A British charity has presented an idea for a new food label that would show consumers the number of minutes they would need to exercise in order to burn off the calories inside that food.
Over two-thirds of the British population are considered to be overweight or obese, according to the National Health Society. A 2013 report found that the UK has the highest level of obesity in Western Europe.
The chart below, created by the RSPH, shows the duration of exercise required to burn off calories in a number of popular foods.
For example, if you eat a quarter of a large pizza containing 449 calories, you would need to walk for 1 hour and 23 minutes or run for 43 minutes to burn it off. For a bar of milk chocolate with 229 calories, you would need to go on a 42-minute walk or a 22-minute run.
Here’s how these labels might look on a food product, such as a chocolate bar. The label shows how long you would have to run, cycle, or swim.
“We think a clearer way of making people more mindful of the calories they are consuming is for a food or drink product to also show on the front of the packet a small icon which would visually display just how much activity you would need to do to burn off the calories it contains,” Shirley Cramer, chief executive of the RSPH, wrote in a BBC article.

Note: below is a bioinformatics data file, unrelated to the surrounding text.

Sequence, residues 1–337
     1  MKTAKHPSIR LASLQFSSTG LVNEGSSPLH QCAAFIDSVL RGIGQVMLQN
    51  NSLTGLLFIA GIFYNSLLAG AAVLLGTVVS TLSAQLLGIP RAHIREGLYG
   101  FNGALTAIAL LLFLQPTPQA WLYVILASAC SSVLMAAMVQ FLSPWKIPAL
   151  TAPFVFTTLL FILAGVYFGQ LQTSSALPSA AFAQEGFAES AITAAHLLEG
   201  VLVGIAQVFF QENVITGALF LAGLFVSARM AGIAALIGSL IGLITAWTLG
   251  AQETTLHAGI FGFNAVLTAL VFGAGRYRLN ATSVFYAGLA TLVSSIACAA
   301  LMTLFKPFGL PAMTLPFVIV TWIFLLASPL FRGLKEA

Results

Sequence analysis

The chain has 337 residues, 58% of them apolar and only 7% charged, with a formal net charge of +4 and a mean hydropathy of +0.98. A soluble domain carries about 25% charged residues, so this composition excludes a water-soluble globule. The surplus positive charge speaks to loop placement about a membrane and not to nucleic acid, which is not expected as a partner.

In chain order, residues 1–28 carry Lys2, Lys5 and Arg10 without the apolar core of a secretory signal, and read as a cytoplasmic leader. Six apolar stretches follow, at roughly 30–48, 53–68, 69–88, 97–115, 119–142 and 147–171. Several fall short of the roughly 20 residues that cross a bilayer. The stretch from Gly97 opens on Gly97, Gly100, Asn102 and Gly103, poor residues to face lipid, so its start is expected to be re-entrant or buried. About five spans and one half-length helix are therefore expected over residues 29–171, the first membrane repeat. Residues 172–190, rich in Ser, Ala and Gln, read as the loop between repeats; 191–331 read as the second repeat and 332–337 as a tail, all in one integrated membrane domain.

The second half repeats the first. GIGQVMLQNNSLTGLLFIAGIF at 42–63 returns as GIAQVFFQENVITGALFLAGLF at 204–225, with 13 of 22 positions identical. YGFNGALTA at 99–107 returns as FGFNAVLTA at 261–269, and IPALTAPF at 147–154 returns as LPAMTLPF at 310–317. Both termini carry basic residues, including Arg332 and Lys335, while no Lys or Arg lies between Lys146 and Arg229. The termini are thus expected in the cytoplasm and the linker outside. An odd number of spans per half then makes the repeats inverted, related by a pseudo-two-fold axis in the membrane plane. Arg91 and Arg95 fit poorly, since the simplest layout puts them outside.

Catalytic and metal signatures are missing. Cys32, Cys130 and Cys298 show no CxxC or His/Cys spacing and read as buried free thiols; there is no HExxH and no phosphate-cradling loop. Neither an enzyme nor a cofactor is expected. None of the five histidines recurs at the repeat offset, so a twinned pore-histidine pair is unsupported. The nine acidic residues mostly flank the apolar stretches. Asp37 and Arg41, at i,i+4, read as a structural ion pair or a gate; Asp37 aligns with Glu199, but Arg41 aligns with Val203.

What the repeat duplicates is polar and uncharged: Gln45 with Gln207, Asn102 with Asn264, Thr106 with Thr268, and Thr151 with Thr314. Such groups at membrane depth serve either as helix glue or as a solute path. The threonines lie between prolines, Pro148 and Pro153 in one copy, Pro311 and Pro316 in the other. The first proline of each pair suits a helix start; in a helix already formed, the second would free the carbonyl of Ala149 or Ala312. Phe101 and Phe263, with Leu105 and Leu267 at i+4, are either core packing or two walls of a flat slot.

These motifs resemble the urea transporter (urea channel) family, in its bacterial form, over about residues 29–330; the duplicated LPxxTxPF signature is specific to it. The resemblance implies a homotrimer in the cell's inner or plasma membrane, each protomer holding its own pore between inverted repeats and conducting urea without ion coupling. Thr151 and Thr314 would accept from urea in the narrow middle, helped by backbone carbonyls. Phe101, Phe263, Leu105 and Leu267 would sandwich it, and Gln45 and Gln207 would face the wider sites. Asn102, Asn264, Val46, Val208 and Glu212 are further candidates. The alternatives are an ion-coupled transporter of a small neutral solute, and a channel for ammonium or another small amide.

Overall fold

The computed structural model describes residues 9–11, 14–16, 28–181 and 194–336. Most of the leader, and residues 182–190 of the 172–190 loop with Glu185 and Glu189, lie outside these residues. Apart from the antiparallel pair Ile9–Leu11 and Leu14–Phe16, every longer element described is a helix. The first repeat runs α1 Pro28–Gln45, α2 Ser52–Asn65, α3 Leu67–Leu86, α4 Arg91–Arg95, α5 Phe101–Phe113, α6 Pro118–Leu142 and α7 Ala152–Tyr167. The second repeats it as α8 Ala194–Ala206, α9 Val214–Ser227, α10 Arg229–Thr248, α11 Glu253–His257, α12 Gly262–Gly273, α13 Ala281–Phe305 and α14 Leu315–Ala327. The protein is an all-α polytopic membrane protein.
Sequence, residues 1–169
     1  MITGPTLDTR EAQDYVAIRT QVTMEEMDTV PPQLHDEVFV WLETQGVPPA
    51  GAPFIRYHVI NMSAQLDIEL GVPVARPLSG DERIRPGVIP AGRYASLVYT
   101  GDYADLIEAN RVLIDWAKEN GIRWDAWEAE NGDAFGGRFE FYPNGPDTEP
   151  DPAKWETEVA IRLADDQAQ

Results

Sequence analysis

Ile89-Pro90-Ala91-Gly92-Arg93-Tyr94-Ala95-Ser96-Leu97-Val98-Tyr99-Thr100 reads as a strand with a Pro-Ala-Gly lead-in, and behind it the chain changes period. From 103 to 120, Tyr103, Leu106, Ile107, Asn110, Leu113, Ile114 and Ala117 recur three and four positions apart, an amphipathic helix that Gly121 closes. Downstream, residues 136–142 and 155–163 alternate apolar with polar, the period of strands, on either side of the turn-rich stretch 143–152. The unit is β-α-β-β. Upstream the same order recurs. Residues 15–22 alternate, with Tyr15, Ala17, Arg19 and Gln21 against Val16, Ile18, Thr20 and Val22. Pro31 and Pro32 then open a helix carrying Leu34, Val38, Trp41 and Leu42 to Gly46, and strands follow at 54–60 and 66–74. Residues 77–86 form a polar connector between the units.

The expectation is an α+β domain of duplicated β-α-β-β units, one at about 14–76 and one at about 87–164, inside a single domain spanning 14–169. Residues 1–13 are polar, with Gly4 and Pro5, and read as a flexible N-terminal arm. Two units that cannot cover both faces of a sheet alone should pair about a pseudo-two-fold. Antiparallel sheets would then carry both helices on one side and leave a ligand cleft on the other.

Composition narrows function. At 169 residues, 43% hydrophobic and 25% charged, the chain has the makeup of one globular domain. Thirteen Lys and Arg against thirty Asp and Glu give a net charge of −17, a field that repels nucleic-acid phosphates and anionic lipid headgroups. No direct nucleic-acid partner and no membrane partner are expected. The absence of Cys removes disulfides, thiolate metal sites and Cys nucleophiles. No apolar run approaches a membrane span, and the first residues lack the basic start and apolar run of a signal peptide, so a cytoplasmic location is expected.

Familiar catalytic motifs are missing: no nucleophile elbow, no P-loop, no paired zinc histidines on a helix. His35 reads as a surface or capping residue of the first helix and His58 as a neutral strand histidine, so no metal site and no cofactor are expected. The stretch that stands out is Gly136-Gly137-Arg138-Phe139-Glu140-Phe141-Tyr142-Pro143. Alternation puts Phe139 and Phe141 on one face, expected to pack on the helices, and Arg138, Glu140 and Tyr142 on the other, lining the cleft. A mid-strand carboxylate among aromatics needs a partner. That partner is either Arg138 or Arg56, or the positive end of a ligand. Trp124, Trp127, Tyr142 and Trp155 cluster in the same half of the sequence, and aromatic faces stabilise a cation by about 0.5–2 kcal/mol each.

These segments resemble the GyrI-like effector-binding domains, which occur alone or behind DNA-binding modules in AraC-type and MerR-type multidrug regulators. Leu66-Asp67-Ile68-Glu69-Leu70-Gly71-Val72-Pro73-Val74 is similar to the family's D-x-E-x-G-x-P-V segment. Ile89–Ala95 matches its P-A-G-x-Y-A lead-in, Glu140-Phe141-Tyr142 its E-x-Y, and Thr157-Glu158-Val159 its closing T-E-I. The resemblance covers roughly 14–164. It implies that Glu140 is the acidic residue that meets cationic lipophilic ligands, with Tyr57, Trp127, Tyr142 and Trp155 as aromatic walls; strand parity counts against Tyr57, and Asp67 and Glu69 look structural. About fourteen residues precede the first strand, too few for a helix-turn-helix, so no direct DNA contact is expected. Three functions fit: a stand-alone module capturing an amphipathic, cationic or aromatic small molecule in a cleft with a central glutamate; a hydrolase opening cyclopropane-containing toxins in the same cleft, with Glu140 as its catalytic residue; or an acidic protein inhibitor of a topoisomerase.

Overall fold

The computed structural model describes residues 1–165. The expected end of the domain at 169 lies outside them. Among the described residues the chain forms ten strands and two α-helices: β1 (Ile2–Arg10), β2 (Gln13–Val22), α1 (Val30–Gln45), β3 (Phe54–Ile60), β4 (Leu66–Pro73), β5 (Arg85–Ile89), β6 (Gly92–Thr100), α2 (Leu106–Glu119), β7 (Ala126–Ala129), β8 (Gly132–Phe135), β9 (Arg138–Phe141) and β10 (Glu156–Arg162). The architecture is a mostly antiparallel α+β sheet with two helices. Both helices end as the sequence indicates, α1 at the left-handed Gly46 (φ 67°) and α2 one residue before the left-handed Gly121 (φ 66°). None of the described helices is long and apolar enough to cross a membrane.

But the new labels are far from appearing on supermarket items.
“We believe further research is needed into whether activity equivalent calorie information could be an effective way of encouraging consumers to achieve a healthier lifestyle,” Tim Rycroft, Corporate Affairs Director of the Food and Drink Federation — the representing body of the UK’s food and drink manufacturing industry — said in a recent statement on its website.
He added: “EU rules which dictate what companies can and cannot put on their food labels would need to be considered in any proposals to add to on-pack information.”
One food company that’s already using a similar label is the snack manufacturer Taking the Pea, which has included an icon of an exercising pea on the back of its snack packets, with the amount of exercise required to expend the calories inside.
The RSPH is not currently aware of any other food companies using activity equivalent labelling on their products, according to Ed Morrow, the organisation’s PR and Campaigns Manager.